While I was battling the Cold of the Year (from which I'm still recovering), Matt Feltz sent along an article from the Boston Globe on the role of downtown department stores, like Macy's or Filene's or Jordan Marsh, in the infrastructure of the city. I read the article through a haze of Nyquil, but it stayed with me because Christmas in my own beloved City is not without its own traditions, among them, the Macy's Holiday Windows. While other luxury department stores certainly have their own reputable holiday window displays, the Macy's windows are a prime objective among tourists and native New Yorkers alike.

Department stores grew out of rather simple beginnings. Macy's, for example, was originally a dry goods store selling housewares and home goods, which they still do, but it was a far cry from the fashion warehouse that we know today. Dry goods stores were fairly common. Rowland Hussey Macy had already opened four (failed) stores before trying his luck on Sixth Avenue between 13th and 14th Streets in 1858. Opening day sales totaled $11.06 (about $280.00 today). The 34th Street location represents the ultimate outcome of the department store, which developed into larger establishments—and anchors of urban centers—in response to consumer demand, growing taller and claiming more square footage to accommodate more merchandise.

Holiday window displays were a part of their role as attractions. People traveled—as they still clearly do—to view these seasonal arrangements, and department stores used them as a marketing device to show off their wares. One source reports the first Macy's window displays in 1874 displayed a diverse offering of porcelain dolls from around the world and scenes from Uncle Tom's Cabin. A window from the early 1900s shows an array of dolls and child-sized furniture. Today's windows wrap merchandise in more creative means, but the idea is the same: The 2011 Macy's "Make a Wish" steampunk-themed windows pay tribute to the Make-a-Wish Foundation highlight special designer ornaments, which are of course available for purchase.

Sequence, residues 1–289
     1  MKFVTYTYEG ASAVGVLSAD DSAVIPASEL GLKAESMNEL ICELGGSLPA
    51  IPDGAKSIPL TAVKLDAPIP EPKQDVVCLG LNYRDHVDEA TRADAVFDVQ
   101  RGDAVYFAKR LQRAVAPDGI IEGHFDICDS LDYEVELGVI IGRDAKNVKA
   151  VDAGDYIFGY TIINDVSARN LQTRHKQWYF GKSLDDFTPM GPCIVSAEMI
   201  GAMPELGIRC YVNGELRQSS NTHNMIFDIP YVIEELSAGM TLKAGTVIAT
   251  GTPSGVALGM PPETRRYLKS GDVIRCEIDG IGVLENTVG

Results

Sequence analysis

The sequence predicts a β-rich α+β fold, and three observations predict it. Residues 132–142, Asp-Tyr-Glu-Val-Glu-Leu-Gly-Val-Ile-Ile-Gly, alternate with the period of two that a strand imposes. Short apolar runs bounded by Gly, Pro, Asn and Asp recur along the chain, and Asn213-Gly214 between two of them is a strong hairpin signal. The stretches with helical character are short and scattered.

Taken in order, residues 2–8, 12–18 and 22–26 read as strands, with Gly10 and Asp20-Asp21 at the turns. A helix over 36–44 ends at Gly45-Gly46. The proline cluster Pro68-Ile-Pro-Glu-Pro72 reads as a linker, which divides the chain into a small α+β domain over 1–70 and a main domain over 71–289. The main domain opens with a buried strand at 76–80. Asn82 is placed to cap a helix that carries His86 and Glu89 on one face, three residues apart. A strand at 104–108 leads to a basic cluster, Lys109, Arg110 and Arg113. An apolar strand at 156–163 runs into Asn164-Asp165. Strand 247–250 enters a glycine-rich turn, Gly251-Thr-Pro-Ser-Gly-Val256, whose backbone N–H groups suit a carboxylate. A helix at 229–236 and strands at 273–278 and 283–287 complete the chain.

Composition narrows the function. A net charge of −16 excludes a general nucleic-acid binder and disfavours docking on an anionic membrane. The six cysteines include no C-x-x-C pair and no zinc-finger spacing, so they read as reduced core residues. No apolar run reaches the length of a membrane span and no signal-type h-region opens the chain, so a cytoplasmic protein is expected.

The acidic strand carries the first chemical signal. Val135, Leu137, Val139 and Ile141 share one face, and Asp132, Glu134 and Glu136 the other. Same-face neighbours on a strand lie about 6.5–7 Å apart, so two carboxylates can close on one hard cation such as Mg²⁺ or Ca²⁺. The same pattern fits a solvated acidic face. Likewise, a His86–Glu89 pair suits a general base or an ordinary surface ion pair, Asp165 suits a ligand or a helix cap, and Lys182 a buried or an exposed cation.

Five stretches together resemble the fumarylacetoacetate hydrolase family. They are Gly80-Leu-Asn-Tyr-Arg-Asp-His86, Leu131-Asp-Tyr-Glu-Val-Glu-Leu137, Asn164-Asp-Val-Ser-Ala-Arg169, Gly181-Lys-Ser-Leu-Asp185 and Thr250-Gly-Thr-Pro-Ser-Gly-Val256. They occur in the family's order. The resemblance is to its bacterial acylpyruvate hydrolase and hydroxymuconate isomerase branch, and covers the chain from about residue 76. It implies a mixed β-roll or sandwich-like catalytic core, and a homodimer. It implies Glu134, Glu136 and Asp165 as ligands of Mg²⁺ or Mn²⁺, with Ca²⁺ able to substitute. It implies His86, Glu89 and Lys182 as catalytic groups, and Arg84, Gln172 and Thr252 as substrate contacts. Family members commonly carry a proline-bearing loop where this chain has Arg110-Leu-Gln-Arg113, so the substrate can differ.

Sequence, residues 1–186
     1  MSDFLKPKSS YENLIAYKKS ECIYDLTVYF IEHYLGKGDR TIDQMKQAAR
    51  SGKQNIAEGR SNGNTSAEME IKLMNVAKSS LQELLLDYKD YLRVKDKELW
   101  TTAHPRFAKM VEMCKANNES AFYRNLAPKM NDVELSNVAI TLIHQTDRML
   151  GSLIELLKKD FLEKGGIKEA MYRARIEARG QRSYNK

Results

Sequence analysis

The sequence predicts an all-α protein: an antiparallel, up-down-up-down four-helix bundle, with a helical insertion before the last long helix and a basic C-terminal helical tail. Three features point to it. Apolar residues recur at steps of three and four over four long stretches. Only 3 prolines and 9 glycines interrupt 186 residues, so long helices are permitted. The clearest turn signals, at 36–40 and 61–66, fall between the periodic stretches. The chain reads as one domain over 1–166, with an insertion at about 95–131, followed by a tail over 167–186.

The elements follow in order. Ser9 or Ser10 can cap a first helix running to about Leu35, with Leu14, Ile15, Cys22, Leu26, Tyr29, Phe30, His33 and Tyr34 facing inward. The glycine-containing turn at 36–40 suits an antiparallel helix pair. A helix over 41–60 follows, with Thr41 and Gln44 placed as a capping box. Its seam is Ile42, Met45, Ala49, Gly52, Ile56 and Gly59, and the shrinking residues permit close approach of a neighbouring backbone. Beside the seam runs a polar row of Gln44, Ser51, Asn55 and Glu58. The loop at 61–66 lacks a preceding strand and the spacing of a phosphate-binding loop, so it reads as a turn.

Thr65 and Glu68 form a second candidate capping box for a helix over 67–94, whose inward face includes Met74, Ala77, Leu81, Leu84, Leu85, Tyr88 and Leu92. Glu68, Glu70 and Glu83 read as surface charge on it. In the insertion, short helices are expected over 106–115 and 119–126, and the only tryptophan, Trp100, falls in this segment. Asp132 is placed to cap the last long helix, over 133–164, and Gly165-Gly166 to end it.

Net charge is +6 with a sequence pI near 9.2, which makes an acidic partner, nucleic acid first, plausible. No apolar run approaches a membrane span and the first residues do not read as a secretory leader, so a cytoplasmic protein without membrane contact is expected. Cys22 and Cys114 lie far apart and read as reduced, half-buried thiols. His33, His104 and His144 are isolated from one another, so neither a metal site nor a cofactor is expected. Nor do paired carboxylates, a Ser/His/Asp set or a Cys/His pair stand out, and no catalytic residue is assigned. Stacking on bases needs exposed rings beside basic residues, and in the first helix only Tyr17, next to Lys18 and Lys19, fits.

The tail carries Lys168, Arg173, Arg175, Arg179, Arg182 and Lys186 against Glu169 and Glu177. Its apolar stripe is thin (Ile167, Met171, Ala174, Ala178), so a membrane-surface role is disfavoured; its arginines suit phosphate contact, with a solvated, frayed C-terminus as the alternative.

These annual displays do much to help create and maintain a meaning associated with the holidays. For example, every year Macy's devotes a set of windows to A Miracle on 34th Street, a story about a little girl who learns to believe in Santa after meeting Kris Kringle. It's an interesting choice as the movie's message both addresses and surpasses the commercialism that has become a part of the season. As such, it serves as a reminder of the magic and generosity associated with Christmas. The annual themed windows echo this sentiment with elements of fantasy. The 2006 Tree-oriented displays provided glimpses into worlds removed from human eyes that emphasized values like friendship and love.

But this annual tradition can also reveal the ebb and flow of social interests. The "Make a Wish" windows mix old with new in the steampunk tradition as we stand on the crossroads of technology and find our lives increasingly intertwined with machinery. It highlights the ways innovation has long intersected with creativity, driving mechanical advancements and encouraging us to dream larger. We've come a long way from a series of dolls and child-sized furniture. Do you have a favorite holiday window display? Tell us about it in the comments, or send in your photos to comments[at]anthropologyinpractice.com to be shared on the AIP Facebook page.